In a culture where life is often lived digitally, mindfulness matters.
While our brains are increasingly adept at sensing fake news or deciphering complex texts based on emojis, increasingly we struggle to orient ourselves to more physical, embodied, aspects of the world. Mindfulness is one way to train your brain to be present in the physical world of sensory experience.
Research shows that mindfulness physically changes our brain in ways that help learning, memory, and emotional regulation (check out this study on the National Institutes of Health for more information). Regular mindfulness practices also soothe anxiety, increase gratitude, and can improve relationships. (One study even found that therapists – who rely on relational connections as part of our work – who consistently practice mindfulness have improved therapeutic outcomes, regardless of their method of therapy.)
How Can A Mindfulness Worksheet Help?
This worksheet can be used as an easy end-of-the-day reflective exercise to allow you a few moments to slow down and process a bit of what your mind and body experienced during the day. Sensory experience (noticing sights, smells, tastes, etc) is a big part of growing mindfulness. My hope is that through the habit of using this worksheet, you might begin to mindfully take note of sensory experiences throughout your day.
The bullet journal style model for capturing main points without a lot of writing works perfectly for this worksheet. Long format journaling can have major mental health benefits, but for the purpose of cultivating a practice of awareness and noticing in your daily life, a pared-down form of journalling helps create a habit that hopefully triggers a growing, internalized, practice.
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How to Use This Mindfulness Worksheet
As you complete this layout, take a few moments to remember and notice the sensory feelings you had this day and the experiences surrounding them. This is the most important part so I’ll say it again: mindfulness is in the remembering, processing, and feeling of the experience, not in the process of tracking and recording on paper. Take time to re-experience these moments of your day. For example: For “Hearing,” think: What was the noise? When did I first notice? What did I feel about that sound? Did I strain to hear or was it so loud it was all I was aware of?
If you can’t think of anything for any of the senses, check-in with yourself and your body as you fill out the worksheet. What does the sound of your pen on paper sound like? What’s the texture of the paper, or the smell in the air right now? Mindfulness can be found and practiced in every moment – not just the parts of your day that stand out.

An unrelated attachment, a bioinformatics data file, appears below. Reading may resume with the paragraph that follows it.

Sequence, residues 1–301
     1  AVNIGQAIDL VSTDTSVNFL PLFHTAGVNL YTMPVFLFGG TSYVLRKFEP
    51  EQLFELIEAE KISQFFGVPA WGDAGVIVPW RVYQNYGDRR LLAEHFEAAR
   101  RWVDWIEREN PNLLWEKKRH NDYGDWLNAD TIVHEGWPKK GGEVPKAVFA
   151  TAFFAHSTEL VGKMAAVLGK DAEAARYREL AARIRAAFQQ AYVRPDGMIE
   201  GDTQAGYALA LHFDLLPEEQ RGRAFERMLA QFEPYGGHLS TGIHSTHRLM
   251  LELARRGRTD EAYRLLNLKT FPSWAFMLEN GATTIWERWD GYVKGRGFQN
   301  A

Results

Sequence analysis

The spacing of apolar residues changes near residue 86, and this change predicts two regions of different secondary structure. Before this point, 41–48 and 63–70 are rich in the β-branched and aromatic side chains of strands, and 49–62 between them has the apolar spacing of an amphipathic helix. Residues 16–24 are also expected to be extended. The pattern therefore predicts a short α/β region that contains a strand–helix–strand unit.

Instead of a label on each and every line, this layout uses a color-key that you get to color yourself to identify which entry is which sense. You can use colored pens or write in black with a highlight color behind to designate.
Including a Sixth Sense
It’s optional, but I recommend including a 6th sense: “knowing” or intuition.
Human have an ability to read our environment (sensing safe or unsafe before obvious cues present themselves) and sense things about people (such as their emotional state). If we pay attention, this sense helps keeps us safe and helps us to know how to care well for others. When we don’t pay attention, we can dull to the voice of intuition, and potentially find ourselves in relationships and situations that harm us. Most of us don’t pay attention to our intuition – we were taught long ago to ignore our body’s cues and to “be nice” instead of practicing reading a situation well and trusting our instinct.
Practicing a habit of naming and honoring a time each day that you intuitively read a person or situation correctly can improve your sensitivity and trust in your own intuition – and trusting your intuition can save your life.
Is Mindfulness Really Worth Journaling About?
Critics call the mindfulness movement a veiled excuse to “dumb down” culture via adult coloring books, but the research doesn’t back that argument up. Habits of mindfulness have been linked to development in the hippocampus region of adult brains, an area of the brain which is important in learning, memory and emotional regulation.
It’s worth noting, however, even as the fad of adult coloring books recedes, that there is a big, big difference in “coloring” and mindfulness. Doing the activity of coloring is not, in itself, a mindfulness practice, but is a way many adults find it helpful to slow their mind to move into a space of mindfulness. Coloring as a distraction from life or a way to “check out” after a long day may have its benefits, but is not mindfulness. Mindful coloring means slowing down and taking time to be aware of all five senses, notice what you are sensing, and letting what you notice pass in and out of your awareness without judgment.
For many people, mindfulness without an activity can be overwhelming. In my professional work, I never ask a trauma survivor to enter mindfulness by opening their mind wide to any thoughts or sensations – for people with PTSD this can feel like opening the door and rolling out the red carpet for already intrusive thoughts and sensations to flood the brain. Instead, I invite participants to do an activity – usually coloring – and engage their senses around the act of transferring color onto a blank page.